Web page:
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Article
February 21, 1931

PHYSIOLOGIC MEANING OF COMMON CLINICAL SIGNS AND SYMPTOMS IN CARDIOVASCULAR DISEASE

Author Affiliations

Professor of Physiology, Western Reserve University Medical School CLEVELAND

JAMA. 1931;96(8):603-610. doi:10.1001/jama.1931.02720340033008
Abstract

Medical diagnosis is a science that involves more than the ability to recognize signs and symptoms and subsequently to group them into complexes or syndromes which in the light of past experience makes it possible to call a disease by name. Even a modest claim to proficiency requires a knowledge of the pathologic anatomy involved. But real genius in diagnosis is not achieved without the mental ability to portray also the functional disturbances concerned.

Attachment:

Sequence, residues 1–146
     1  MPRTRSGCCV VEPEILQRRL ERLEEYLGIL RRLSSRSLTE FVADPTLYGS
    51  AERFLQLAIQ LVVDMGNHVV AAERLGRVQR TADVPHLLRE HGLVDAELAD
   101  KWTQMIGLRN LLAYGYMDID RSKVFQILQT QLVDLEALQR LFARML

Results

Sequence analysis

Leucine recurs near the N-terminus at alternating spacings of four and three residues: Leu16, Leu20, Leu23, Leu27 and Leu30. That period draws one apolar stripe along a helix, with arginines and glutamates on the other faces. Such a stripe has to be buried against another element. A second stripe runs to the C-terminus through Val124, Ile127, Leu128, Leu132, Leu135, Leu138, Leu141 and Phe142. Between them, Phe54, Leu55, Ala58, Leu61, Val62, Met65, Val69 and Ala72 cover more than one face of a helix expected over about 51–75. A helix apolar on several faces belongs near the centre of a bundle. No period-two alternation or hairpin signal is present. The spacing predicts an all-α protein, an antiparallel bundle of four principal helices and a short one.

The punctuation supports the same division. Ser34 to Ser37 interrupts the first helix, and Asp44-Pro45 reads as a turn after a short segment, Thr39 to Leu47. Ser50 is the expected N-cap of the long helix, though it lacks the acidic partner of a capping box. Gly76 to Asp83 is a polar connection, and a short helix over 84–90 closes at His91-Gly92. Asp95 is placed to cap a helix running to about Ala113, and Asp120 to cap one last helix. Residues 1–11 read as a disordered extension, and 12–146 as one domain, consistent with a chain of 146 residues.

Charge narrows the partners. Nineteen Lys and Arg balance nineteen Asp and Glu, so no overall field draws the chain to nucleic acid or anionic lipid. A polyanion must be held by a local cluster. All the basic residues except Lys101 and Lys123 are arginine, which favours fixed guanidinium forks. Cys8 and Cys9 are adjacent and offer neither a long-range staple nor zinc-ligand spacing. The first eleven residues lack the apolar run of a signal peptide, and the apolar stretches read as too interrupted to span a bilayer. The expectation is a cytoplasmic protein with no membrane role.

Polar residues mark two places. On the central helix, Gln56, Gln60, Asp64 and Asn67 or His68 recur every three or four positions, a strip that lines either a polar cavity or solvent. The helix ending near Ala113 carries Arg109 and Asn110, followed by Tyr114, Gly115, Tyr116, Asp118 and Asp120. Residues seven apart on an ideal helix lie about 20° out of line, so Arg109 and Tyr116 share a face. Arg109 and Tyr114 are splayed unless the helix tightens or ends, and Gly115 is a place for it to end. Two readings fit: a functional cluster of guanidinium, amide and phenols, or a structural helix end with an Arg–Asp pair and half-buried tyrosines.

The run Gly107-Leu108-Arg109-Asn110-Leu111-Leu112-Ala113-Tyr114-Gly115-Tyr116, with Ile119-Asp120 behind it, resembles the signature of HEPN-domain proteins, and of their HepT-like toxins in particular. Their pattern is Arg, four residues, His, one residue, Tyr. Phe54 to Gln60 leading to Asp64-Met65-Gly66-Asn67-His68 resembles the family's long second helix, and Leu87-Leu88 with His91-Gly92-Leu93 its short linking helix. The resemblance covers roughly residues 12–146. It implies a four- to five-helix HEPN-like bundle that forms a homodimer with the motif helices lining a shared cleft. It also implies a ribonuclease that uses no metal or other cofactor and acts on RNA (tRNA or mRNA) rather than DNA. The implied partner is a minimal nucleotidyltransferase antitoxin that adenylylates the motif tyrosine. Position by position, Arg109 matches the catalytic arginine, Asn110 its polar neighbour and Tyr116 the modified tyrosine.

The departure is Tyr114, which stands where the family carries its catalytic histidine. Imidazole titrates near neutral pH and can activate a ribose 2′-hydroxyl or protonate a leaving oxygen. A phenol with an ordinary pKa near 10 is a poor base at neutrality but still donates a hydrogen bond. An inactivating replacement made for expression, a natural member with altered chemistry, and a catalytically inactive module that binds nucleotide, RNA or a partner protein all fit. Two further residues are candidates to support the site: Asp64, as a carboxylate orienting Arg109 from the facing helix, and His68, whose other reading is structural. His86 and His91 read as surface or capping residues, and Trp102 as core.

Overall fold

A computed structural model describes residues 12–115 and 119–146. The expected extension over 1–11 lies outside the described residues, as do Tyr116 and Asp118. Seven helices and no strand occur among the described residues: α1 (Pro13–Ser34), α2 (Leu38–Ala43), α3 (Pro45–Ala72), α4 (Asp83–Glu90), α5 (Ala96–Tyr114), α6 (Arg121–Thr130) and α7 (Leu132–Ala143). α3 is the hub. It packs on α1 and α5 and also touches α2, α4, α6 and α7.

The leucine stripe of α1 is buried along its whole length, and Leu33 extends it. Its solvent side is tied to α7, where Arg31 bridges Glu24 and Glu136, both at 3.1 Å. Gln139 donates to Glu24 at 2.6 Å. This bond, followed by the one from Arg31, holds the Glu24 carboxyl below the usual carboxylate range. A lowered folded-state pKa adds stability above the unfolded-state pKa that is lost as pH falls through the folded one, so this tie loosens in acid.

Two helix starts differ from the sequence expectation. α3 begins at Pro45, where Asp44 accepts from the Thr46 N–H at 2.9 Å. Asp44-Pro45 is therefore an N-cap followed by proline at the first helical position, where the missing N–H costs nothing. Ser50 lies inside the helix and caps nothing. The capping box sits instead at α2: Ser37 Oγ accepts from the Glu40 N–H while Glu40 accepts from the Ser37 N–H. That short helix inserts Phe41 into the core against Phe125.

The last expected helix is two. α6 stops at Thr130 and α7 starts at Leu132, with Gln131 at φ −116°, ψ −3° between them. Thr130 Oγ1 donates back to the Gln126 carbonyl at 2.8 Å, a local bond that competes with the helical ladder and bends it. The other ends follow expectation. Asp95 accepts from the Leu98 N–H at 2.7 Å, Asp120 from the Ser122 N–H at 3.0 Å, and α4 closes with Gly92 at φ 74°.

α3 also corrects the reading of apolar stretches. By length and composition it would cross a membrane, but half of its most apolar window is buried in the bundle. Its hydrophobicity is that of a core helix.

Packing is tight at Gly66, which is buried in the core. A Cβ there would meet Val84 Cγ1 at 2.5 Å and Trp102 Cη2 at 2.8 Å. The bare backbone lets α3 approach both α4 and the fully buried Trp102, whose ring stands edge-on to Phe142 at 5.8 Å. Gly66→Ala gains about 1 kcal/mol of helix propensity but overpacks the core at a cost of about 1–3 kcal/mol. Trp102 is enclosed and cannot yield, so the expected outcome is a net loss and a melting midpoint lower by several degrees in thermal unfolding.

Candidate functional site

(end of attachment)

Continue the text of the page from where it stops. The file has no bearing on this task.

But all progress in eliciting obscure signs and new evidences of diseases and all discoveries in diversified fields of physiology have operated rather slowly in placing diagnosis on a physiologic basis. There are obvious reasons why the morphologic basis of disease antedated the functional conception. Morphologic pictures are concrete; they make a direct appeal to the senses. Physiologic processes are generally abstract; the mind can group them only through the employment of physical and chemical aids

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